Advent: The Prequel of All Prequels

December 14, 2021

Given the entertainment industry’s propensity to make prequels, sequels, and backstories, I was thinking of calling this blog: Son of Advent: Part 2.

I can hear some of you saying, “When was there Son of Advent: Part 1?”

Well, last week’s Insight blog was, in a way, Advent: The Movie (If you missed last week’s blog/column, click here).

Last week I wrote about Advent being a time of waiting and how waiting can be an important spiritual discipline. Waiting is certainly something that we have had to go through in this COVID-impacted economy of supply-side disruptions. To borrow from The Night Before Christmas:

In the grocery and department stores, the shelves were all bare, shoppers kept hope that food and gifts would soon appear there.

When what to my wondering eyes did produce such a pain, but a never-ending global mess of a disrupted supply chain!

The prices were climbing straight through the attic roof, and would not stop rising despite the stamping of my hoof.

But I read in the Daily Word to let go and let God in this plight, so a Merry Christmas to all, and to all a good night!

I know Advent seems like a minor second fiddle compared to Christmas, but for a moment, picture Advent: The Movie as the main feature. So keep munching on your popcorn and consider the following:

~ It was during Advent, Mary said “yes” to God and “have your own way.” During Advent, Mary showed incredible trust even when things were not following her script.

~ It was during Advent, Joseph had a dream that told him that there was another way – and a far better way – of seeing his situation with Mary.

~ It was during Advent, both Mary and Joseph were willing to leave their comfort zone of Nazareth and journey to Bethlehem – without any reservations (and you can take that several different ways).

~ It was during the prequel and way before Christmas, the Wise Men first saw the Star and were willing to follow it. (I love the saying, “Wise men and women are still willing to follow that Star!”)

You and I will probably never be put to such hard tests as Mary, Joseph, and the Wise Men faced. I hope that if we had to travel, our transportation methods would be smoother, and we might be able to make reservations in advance. However, I remember when the Belous family made a long road trip from Northern Virginia to Glacier National Park in western Montana, we had to cross through North Dakota. This part of America was going through its incredible fracking boom. Well, for many miles, there seemed to be ‘no room in the inn’ – and there wasn’t even a stable for us.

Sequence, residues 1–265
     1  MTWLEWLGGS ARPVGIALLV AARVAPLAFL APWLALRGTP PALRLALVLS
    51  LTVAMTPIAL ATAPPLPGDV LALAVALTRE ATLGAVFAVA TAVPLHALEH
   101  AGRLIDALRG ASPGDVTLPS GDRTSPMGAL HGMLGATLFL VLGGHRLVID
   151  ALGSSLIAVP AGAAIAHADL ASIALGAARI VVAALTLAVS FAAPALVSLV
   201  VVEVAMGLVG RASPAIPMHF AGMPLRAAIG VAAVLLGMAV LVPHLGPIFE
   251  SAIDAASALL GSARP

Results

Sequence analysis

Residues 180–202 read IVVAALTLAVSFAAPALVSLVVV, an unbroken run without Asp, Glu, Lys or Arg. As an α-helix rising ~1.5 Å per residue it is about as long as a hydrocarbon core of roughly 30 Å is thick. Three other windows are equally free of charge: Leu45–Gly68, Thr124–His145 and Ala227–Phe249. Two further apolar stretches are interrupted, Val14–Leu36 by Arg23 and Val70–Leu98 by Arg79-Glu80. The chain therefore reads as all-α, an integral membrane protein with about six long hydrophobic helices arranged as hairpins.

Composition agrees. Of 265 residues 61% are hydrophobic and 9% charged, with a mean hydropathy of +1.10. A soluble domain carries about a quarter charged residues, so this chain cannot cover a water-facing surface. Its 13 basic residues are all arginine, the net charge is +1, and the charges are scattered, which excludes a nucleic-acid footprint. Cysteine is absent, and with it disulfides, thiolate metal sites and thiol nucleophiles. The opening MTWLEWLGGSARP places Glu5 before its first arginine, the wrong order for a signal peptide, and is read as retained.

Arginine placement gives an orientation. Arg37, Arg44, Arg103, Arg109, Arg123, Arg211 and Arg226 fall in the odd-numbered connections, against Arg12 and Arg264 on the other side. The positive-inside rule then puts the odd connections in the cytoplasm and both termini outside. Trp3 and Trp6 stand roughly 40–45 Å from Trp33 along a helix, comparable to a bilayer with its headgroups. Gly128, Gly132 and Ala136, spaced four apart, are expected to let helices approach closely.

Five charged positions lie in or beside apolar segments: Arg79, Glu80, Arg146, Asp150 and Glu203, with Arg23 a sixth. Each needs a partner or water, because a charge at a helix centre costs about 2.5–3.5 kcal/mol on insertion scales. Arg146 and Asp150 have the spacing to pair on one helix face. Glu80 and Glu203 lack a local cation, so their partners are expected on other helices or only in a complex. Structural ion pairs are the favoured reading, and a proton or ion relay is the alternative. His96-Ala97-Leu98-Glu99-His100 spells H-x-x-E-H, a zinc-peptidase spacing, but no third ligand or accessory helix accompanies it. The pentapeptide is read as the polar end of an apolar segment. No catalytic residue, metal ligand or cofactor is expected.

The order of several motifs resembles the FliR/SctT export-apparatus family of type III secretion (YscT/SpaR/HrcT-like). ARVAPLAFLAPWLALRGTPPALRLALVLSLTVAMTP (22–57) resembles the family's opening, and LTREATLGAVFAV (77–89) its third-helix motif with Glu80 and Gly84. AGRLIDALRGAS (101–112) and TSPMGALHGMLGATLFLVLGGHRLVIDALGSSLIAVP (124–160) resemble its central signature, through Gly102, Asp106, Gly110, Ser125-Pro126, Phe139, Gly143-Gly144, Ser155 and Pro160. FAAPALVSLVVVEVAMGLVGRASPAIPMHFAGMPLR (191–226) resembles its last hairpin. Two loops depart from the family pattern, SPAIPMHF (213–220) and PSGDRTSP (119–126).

But no matter what trials we face, may we learn from Advent. May we be able to draw on the powers of Faith, Strength, Wisdom, Zeal, and Love. May we remember that the 12 Powers – and all of their offspring – reside in us. It is easy to remember this during a Sunday church service. But may we remember this during the more difficult times when the ‘rubber meets the road.’ May we remember this during our Advents.

And may we remember that our Christmas will follow our Advents. It is easy to lose sight of this in the daily ups and downs. I have found it important to remember the advice of Unity’s co-founder Myrtle Fillmore. She would often remind people to “Look beyond appearances.” Look beyond the relative realm or material world. Look beyond to that absolute realm of Divine Mind, and know that there is a Divine Spark inside of all of us. That is our real essence and not our “error thoughts” (of lack, scarcity, doubt, and self-inflicted emotional wounds). We are truly more than enough!

So much of the really hard stuff happened during Advent. If making a good story/movie requires a challenge, then the first Advent is an example of successive challenges being overcome. Our lives, similar to Advent, are successive challenges and opportunities in many ways.

May your Advent – like Mary, Joseph, and Wise Men – be a time when your reliance on Faith, Strength, Wisdom, Zeal, and Love grows. And may it be a time where you discover that you are far more than you realized you were before Advent.

So a very Joyous Advent to you – and almost as an afterthought, Merry Christmas!

Many blessings,

Rev. Rick

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